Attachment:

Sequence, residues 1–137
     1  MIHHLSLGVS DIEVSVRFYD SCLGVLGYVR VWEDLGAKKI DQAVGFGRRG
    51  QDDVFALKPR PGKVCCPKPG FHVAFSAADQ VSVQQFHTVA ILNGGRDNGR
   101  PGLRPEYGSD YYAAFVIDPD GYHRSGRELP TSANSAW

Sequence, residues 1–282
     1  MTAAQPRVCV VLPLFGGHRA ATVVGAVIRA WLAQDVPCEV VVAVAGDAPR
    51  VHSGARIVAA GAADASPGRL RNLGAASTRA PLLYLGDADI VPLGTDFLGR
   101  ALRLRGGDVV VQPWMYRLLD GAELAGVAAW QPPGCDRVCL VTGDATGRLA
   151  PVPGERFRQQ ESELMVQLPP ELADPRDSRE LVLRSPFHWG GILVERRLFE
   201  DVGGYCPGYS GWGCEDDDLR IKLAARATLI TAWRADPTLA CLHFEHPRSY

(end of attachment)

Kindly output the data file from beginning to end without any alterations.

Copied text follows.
Sequence, residues 1–137
     1  MIHHLSLGVS DIEVSVRFYD SCLGVLGYVR VWEDLGAKKI DQAVGFGRRG
    51  QDDVFALKPR PGKVCCPKPG FHVAFSAADQ VSVQQFHTVA ILNGGRDNGR
   101  PGLRPEYGSD YYAAFVIDPD GYHRSGRELP TSANSAW

Sequence, residues 1–282
     1  MTAAQPRVCV VLPLFGGHRA ATVVGAVIRA WLAQDVPCEV VVAVAGDAPR
    51  VHSGARIVAA GAADASPGRL RNLGAASTRA PLLYLGDADI VPLGTDFLGR
   101  ALRLRGGDVV VQPWMYRLLD GAELAGVAAW QPPGCDRVCL VTGDATGRLA
   151  PVPGERFRQQ ESELMVQLPP ELADPRDSRE LVLRSPFHWG GILVERRLFE
   201  DVGGYCPGYS GWGCEDDDLR IKLAARATLI TAWRADPTLA CLHFEHPRSY